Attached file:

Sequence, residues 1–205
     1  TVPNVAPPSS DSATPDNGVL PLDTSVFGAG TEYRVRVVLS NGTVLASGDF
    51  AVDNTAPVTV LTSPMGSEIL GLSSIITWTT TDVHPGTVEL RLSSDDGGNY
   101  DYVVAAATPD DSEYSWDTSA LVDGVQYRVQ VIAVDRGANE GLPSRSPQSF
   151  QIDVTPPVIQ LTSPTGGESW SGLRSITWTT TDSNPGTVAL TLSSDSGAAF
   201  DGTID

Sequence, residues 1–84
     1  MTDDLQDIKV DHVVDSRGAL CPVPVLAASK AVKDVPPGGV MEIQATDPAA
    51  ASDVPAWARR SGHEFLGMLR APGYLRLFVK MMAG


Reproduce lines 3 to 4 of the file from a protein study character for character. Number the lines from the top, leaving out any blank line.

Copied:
    51  AVDNTAPVTV LTSPMGSEIL GLSSIITWTT TDVHPGTVEL RLSSDDGGNY
   101  DYVVAAATPD DSEYSWDTSA LVDGVQYRVQ VIAVDRGANE GLPSRSPQSF